Madison Bumgarner, Giants can't put dent in Dodgers' playoff hopes


Madison Bumgarner, Giants can't put dent in Dodgers' playoff hopes


SAN FRANCISCO — In the top of the eighth Friday night, a Dodgers fan was dragged out of the seats in the lower deck by three cops. A few feet away, two cops placed another fan in blue under arrest. That was about the only excitement on a night the Giants hoped would provide so much more. 

The Giants moved Madison Bumgarner back two days so he could try to put a dent in the Dodgers’ postseason hopes. Instead, Bumgarner gave up a big homer with the game tied and the lineup did him no favors, hitting into five double plays. It added up to a 3-1 loss that kept the Dodgers within one game of the first-place Rockies and all but assured that they will at least play in the wild card game. 

The Giants threatened repeatedly, but the ninth inning ended the same way. In the final frame, Brandon Crawford reached with one out. Aramis Garcia hit into the final double play of the night. Here's what you need to know from earlier ... 

—- Bumgarner worked in and out of traffic the first two times through the order and finally got burned in the fifth. Enrique Hernandez, who is 19-for-39 off him, singled with one out. Bumgarner then threw a 90 mph fastball right down the pipe to Justin Turner, who blasted it out to left to give the Giants a 3-1 lead. In six innings, Bumgarner was charged with three earned on seven hits. He finished the year with a 3.26 ERA. 

—- Bumgarner hit for himself in the bottom of the fifth despite having already thrown 96 pitches. That might have told you more about Bruce Bochy’s lack of belief in his bench than about anything else. Bochy also pinch-hit for Austin Slater with the bases loaded. That didn’t work out; Kelby Tomlinson hit into an inning-ending double play. 

—- Yasiel Puig pinch-hit to lead off the seventh and got the loudest boos at AT&T Park this season. So at least the fans had that moment. Reyes Moronta got him to fly out to center.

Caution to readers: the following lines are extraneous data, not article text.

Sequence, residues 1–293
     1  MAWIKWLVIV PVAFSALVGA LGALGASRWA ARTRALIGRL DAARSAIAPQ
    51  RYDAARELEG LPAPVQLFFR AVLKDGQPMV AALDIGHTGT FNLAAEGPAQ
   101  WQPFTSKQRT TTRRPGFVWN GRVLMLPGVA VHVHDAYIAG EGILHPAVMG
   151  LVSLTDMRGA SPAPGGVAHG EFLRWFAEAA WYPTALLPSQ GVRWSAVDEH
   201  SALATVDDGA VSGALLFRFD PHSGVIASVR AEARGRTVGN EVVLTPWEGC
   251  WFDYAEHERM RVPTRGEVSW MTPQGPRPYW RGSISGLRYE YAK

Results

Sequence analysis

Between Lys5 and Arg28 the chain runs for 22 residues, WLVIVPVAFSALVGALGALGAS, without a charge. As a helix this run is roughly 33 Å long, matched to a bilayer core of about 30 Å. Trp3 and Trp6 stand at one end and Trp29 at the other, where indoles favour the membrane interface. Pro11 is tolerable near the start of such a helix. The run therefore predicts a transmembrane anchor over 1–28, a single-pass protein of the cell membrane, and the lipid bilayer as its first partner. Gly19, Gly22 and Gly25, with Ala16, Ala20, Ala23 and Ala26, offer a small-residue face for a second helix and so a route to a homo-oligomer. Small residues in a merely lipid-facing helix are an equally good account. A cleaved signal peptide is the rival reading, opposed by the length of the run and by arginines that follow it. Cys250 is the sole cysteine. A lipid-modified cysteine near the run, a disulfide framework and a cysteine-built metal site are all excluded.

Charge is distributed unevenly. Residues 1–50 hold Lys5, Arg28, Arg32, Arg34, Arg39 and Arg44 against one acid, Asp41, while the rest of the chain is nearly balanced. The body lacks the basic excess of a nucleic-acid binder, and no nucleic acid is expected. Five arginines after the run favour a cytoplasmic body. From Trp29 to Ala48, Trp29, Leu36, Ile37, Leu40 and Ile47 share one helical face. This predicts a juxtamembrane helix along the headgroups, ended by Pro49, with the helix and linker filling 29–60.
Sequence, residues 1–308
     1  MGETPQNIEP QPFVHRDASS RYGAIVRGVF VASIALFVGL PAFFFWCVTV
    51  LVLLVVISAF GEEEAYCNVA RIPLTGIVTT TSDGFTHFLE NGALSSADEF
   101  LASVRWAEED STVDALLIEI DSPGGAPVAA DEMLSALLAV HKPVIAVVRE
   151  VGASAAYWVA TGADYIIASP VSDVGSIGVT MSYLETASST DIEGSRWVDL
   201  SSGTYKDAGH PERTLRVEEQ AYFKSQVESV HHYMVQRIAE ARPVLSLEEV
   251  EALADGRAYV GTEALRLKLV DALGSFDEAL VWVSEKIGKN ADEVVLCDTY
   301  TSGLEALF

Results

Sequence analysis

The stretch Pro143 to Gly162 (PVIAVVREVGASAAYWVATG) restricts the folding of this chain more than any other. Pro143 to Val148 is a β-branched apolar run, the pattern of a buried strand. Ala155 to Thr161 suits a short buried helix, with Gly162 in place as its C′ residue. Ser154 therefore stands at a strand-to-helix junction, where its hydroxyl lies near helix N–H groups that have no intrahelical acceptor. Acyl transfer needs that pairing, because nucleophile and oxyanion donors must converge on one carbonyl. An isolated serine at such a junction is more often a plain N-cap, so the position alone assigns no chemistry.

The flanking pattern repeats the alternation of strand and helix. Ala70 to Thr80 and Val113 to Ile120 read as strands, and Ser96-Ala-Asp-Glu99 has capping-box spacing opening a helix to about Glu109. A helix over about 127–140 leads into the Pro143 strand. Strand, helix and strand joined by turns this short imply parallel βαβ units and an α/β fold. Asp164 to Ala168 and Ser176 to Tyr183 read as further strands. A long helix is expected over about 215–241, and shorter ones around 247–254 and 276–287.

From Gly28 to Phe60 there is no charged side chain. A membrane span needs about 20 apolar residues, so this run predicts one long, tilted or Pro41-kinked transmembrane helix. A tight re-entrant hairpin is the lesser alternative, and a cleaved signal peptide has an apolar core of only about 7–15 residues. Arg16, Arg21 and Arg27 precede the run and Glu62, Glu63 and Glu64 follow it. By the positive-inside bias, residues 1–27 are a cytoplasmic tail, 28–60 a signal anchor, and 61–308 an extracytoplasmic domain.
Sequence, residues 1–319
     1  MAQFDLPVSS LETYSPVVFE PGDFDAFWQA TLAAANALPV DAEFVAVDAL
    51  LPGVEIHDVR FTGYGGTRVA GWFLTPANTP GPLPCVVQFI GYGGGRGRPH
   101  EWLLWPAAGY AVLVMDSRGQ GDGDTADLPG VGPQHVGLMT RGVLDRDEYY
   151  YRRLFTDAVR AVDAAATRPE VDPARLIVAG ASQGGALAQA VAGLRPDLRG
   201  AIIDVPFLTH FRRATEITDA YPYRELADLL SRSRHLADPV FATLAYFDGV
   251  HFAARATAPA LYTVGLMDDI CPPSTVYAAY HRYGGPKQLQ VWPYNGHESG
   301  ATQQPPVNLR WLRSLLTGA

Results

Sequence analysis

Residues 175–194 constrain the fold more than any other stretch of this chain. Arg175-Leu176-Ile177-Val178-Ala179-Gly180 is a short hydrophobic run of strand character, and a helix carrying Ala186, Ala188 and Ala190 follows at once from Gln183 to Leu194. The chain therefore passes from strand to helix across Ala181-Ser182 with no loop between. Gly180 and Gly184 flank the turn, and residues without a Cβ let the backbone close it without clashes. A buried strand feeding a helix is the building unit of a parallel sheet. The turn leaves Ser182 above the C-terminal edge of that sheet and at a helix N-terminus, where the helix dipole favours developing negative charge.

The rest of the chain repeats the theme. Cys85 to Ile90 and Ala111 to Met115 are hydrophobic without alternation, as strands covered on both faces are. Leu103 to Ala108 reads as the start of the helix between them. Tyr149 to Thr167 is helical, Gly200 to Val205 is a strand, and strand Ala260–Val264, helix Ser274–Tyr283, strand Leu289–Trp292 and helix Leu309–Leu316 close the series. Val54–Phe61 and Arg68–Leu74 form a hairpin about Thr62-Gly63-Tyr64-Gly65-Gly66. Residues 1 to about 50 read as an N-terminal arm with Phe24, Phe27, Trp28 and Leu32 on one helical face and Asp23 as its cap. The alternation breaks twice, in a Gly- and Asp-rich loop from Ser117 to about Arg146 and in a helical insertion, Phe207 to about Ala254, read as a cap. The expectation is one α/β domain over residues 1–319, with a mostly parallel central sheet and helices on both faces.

Bruce Bochy impressed after first couple of weeks with Joey Bart


Bruce Bochy impressed after first couple of weeks with Joey Bart

SCOTTSDALE, Ariz. -- When the Giants announced their minor league coaches a few weeks ago, it certainly seemed no accident that longtime big league staffer Bill Hayes was the new manager of the San Jose Giants. Joey Bart, the top catching prospect in the minors, will begin the season with San Jose. 

"I know we wanted to make sure we had a catching guy with him, so this worked out great," manager Bruce Bochy said. "Billy will be a great mentor .... to have him day in and day out will be helpful with his progress. That's going to be nice for Joey."

Hayes has been a roving catching instructor in the minors since being let go as first base coach. He previously was Bochy's bullpen catcher and is about to start his 20th season with the organization. 

Bart is in his first full professional season, and thus far has mostly kept his head down. There has been some ribbing from veterans -- they made Bart hit first against Madison Bumgarner in live BP in case Bumgarner felt like buzzing someone -- but Bochy praised the 22-year-old for the way he has handled his first camp.